One thing Delphix does get right is the value of cheap, quickly available, independent test databases for developers. Engineers frequently find themselves wanting a quick way to provision a database filled with the test data they need that won’t get interrupted by other engineers using the same database. For example:
- CI/CD: You may want to include a database as part of your CI/CD. Spinning up a database can add significant time to your CI if it’s not quick, and sharing a database can introduce all kinds of nondeterministic behaviors if multiple CI/CD builds occur concurrently. Quick and independent are key!
- Ad-hoc testing: Sometimes you need a temporary database filled with test data for ad-hoc testing. Provisioning a database using your cloud provider is slow and expensive. Anyone who has left an RDS instance running accidentally knows how quickly those cloud DB charges add up! (I’ve never made that mistake, of course… No, no—not even last month.)
Delphix was founded in 2008, and when they developed their proprietary Copy-on-Write technology it was a relatively new idea for file systems. Back then cloud computing, such as AWS, was still in its infancy. Now, it’s 2024, and a lot has changed. Today everyone is in the cloud, and that means:
- Storage is infinite and cheap. Copy-on-Write saves money on storage, but when storage is cheap that doesn’t matter as much anymore.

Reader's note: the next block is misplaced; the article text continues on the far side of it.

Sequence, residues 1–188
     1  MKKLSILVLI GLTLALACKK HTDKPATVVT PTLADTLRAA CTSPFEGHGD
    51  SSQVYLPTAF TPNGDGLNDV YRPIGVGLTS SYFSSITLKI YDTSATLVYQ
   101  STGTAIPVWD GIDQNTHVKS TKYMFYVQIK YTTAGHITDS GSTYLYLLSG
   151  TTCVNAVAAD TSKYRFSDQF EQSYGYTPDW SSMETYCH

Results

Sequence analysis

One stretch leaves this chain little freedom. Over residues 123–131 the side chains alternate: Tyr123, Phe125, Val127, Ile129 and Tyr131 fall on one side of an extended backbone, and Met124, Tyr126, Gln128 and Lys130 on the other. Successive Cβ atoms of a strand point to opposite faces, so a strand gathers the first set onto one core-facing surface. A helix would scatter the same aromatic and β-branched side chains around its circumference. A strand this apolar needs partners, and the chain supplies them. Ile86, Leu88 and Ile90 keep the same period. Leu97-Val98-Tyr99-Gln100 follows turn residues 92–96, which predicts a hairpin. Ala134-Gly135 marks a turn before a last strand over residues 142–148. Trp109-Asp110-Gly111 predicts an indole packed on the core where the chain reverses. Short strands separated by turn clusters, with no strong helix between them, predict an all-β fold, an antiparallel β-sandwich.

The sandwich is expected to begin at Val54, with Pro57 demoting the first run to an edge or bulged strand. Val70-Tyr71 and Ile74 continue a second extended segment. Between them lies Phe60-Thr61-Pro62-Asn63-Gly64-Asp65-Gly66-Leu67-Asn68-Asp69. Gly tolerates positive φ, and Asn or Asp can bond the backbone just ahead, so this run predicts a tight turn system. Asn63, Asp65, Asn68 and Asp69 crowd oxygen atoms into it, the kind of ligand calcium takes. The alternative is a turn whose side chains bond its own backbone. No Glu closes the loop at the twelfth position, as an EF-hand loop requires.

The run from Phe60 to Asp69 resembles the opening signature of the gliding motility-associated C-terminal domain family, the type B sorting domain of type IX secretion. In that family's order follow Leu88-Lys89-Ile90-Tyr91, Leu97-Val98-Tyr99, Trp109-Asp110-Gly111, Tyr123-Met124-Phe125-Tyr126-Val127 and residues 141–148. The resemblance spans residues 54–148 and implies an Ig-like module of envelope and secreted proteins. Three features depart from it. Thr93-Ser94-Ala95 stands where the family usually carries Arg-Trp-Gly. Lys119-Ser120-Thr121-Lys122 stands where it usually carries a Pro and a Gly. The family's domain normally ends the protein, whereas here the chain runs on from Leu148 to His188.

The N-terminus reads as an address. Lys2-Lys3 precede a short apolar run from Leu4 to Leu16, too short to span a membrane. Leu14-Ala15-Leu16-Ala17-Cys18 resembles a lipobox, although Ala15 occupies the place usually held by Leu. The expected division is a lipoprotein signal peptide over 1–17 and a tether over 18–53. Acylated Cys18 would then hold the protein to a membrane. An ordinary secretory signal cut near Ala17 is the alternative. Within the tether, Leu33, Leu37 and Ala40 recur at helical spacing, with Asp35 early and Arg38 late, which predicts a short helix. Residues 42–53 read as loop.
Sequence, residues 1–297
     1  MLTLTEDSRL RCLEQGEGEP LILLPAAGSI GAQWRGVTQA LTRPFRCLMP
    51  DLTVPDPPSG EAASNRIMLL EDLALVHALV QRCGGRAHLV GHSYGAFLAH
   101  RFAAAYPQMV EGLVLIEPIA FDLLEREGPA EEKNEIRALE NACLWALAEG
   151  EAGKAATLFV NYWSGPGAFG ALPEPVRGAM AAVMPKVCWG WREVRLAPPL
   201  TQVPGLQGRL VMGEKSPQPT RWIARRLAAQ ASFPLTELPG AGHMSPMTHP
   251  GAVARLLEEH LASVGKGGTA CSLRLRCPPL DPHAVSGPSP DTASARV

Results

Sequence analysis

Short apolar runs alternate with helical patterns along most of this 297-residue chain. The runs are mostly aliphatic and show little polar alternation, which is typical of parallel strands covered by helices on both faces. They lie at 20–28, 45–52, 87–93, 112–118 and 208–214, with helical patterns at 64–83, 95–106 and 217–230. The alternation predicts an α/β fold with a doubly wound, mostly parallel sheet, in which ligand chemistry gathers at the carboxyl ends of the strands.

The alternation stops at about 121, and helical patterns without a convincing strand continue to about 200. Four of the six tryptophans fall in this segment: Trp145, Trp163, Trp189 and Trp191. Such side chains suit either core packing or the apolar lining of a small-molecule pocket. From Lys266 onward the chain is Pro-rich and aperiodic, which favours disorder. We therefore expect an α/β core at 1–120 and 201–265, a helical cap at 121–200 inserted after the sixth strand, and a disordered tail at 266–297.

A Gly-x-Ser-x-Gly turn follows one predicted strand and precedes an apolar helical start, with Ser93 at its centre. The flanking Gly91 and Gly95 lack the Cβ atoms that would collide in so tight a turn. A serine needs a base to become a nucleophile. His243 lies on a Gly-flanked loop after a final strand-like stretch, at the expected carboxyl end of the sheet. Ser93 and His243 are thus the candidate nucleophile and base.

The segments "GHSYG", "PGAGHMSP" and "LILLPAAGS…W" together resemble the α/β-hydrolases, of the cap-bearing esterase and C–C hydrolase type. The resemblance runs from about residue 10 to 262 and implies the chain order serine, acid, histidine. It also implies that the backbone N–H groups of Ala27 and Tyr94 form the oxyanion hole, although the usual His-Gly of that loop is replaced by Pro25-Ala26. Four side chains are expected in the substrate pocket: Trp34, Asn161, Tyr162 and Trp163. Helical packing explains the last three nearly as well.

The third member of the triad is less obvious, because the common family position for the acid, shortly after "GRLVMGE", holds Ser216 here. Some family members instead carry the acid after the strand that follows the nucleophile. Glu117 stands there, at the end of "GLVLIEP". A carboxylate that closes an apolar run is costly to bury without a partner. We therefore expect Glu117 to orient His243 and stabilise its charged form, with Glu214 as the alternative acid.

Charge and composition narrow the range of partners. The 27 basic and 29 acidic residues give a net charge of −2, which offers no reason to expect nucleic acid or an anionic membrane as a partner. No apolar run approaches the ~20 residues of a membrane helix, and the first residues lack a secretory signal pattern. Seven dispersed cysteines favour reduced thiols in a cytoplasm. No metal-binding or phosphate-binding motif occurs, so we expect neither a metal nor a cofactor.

- Data copies are extremely fast. The likes of AWS and Azure have optimized data transfers.
- Compute is infinite but very expensive. Organizations are fearful of letting developers provision cloud resources because they’re afraid (and rightly so!) their cloud expenses will balloon.
With this change in the technology landscape, the problems that need solving have also changed. What Delphix was looking to solve with its “data virtualization” is not as relevant to today’s workflows. Data and storage are no longer bottlenecks; compute is the bottleneck. And that’s where Tonic.ai comes in.
Tonic Ephemeral is neither a data virtualization nor a Copy-on-Write technology. Tonic Ephemeral is a modern approach to solving what matters for developers—fast access to test data in an isolated environment—while keeping budgets in check by minimizing compute costs. We built Ephemeral with today’s cloud environments as the primary target. Ephemeral deploys with Kubernetes, so you can host Ephemeral, or let Tonic do the heavy lifting by using our cloud. Eliminate lengthy database provisioning processes and accelerate your engineers with quick access to high quality test data. It’s the value you were hoping to find in yesterday’s Copy-on-Write solutions built and delivered specifically for today’s data management needs.
To learn more sign up for Tonic Ephemeral.